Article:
Firstly, the chewing muscles are near to some of the muscles that insert into the middle ear and so may have an effect on hearing, and so may promote tinnitus.
Secondly, there can be a direct connection between the ligaments that attach to the jaw and one of the hearing bones that sits in the middle ear.
Thirdly, the nerve supply from the TMJ has been shown to have connections with the parts of the brain that are involved with both hearing and the interpretation of sound. The general discomfort associated with TMJ problems can also aggravate any pre-existing tinnitus.
Long-term pain and discomfort from conditions in the neck can also aggravate tinnitus in the same way TMJ problems do. Studies have shown that patients who have suffered an injury to the head and neck region, such as from a car accident, or who have neck pain or stiffness for other reasons, such as arthritis, are more likely to experience tinnitus.
Furthermore, there is some scientific evidence to support how the nerve endings in the neck make connections in the hearing centres of the brain, explaining how neck problems may affect tinnitus. Quite often the tinnitus associated with neck injuries may be more severe, and can be combined with other symptoms such as headache, depression, and problems with memory and concentration.
Treatment generally depends on the cause of the neck problem, but the results from treating the underlying neck problem are often good. Treatment options can be discussed with your family doctor, who in some cases will recommend simple measures such as the use of painkillers and physiotherapy. Some people are able to modify their tinnitus by moving their neck. Recently, it has been suggested that in a minority of these individuals, TENS (Transcutaneous Electrical Nerve Stimulation) can help them with their tinnitus
Over activity of these muscles can sometimes cause a ringing sensation, called tinnitus. It is not unusual for the patient with TMJ/TMD to complain of ringing in their ears, or vertigo. The tensor tympani and tensor levi palatini are tensed whenever the jaw-closing muscles are tensed, i.e., when ever the jaw is clenched. The reason is that the same nerve (the trigeminal) feeds all of the muscles of mastication as well as these two important ear muscles.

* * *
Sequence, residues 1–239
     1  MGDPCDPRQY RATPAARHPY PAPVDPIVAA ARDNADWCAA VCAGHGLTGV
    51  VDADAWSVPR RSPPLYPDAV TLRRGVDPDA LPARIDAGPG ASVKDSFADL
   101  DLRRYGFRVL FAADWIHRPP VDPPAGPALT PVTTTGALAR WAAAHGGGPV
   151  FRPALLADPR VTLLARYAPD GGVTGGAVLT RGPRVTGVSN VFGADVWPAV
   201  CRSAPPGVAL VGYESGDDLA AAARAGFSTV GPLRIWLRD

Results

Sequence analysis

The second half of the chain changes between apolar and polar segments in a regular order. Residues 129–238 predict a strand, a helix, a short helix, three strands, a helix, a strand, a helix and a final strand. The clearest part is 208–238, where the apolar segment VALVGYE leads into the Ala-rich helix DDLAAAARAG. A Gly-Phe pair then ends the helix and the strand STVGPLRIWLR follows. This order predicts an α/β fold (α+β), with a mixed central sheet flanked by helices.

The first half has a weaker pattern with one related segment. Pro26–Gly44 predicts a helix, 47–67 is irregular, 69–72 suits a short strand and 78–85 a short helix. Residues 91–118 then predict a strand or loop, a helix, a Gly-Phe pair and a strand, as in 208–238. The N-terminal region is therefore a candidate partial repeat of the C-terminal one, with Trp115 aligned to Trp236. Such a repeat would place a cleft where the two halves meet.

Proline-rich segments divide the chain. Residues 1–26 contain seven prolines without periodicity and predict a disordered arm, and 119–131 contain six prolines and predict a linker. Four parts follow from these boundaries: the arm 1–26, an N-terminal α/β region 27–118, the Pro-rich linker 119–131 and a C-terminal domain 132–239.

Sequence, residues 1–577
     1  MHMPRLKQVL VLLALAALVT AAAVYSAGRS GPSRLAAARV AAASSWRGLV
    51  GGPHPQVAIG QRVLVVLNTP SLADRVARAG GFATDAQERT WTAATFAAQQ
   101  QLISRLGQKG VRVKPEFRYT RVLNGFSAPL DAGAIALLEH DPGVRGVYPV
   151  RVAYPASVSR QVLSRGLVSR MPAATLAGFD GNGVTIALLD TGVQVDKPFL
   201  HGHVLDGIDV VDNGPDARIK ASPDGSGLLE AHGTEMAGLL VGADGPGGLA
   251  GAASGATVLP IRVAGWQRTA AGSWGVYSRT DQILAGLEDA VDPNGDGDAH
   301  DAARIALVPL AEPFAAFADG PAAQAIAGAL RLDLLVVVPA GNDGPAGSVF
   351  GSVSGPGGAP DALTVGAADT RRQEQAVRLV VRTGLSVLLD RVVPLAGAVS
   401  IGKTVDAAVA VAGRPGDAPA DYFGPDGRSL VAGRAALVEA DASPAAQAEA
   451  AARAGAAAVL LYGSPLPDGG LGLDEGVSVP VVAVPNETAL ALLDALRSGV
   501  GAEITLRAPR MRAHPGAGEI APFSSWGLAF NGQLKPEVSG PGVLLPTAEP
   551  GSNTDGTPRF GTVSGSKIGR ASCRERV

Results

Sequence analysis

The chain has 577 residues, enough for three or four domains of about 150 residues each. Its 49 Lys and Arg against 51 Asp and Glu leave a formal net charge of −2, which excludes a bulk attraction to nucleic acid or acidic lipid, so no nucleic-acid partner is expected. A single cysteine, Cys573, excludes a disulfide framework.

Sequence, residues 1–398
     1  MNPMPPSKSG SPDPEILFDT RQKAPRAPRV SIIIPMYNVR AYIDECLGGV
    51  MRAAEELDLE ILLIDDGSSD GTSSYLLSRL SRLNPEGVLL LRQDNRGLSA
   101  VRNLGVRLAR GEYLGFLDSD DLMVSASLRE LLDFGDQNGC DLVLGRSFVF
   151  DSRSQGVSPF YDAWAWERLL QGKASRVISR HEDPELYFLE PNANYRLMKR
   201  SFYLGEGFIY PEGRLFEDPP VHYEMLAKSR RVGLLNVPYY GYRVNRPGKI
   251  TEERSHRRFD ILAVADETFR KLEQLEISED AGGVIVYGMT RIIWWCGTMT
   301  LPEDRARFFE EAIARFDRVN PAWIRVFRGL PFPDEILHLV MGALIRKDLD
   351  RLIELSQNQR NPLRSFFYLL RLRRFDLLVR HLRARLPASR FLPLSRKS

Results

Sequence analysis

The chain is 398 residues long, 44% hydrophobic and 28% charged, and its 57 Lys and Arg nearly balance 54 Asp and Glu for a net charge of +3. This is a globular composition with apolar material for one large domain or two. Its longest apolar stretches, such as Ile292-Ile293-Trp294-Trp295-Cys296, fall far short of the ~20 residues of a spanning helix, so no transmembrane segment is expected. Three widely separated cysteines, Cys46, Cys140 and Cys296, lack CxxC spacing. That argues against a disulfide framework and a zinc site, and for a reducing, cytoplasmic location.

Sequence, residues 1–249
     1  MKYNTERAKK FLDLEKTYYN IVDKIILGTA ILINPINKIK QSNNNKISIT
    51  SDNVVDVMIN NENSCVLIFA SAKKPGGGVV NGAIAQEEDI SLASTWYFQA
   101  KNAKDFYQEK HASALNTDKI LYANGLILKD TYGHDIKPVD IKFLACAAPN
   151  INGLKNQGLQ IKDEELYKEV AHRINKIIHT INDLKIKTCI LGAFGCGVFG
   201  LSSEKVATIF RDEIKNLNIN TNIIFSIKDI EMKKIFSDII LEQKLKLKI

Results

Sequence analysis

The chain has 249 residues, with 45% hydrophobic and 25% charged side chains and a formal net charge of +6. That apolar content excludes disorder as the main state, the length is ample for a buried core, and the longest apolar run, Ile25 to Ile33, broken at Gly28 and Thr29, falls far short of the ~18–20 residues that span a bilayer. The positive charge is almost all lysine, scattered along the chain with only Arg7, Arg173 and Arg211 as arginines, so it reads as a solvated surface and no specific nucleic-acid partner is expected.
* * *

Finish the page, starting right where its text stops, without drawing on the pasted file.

Many of the patients that we see at our office present with tinnitus (ringing in the ears) as a primary or secondary complaint. Tinnitus may occur alone, or in concert with other symptoms.
The most common pattern of complaints with most patients is as follows:
Patients with tinnitus usually present to our office desperately looking for a solution for their multiple problems. The effect on the individual can vary from mild awareness to reduced work capacity, lack of concentration, total disability, and in some cases suicide.
We can often diagnose TMJ problems on clinical examination. If necessary, we will refer you for further tests. Disorders of the TMJ may be investigated with Magnetic Resonance Imaging (MRI) scans and even, on occasion, by arthroscopy, which is a small procedure where a tiny camera is inserted into the joint.
Prior to initiating the dental assessment for TMJ/TMD, a thorough medical evaluation is necessary. Appropriate medical and neurological referrals should be made. A number of symptoms and signs can be found in association with tinnitus. These include:
Clinical observations have found that tinnitus is present in approximately one-third of the patients who present with ear pain, fullness, hearing loss, etc. After proper dental therapy is performed, tinnitus is generally relieved.
A variety of treatments are available to treat TMJ disorders. If your tinnitus is related to your TMJ problem, the tinnitus may improve as the TMJ problems get resolved.
There are some simple measures that can help TMJ problems, such as a change to a soft diet, jaw muscle exercises or the use of anti-inflammatory medicines and painkillers. For people who grind their teeth or clench their jaw, a bite-appliance may be made which corrects the way in which the jaw works and reduces the stresses and loads on it. This can be disposed of when normal function is restored. In exceptional cases a specialist dentist, known as a maxillo-facial surgeon, may be required to perform surgery on the TMJ.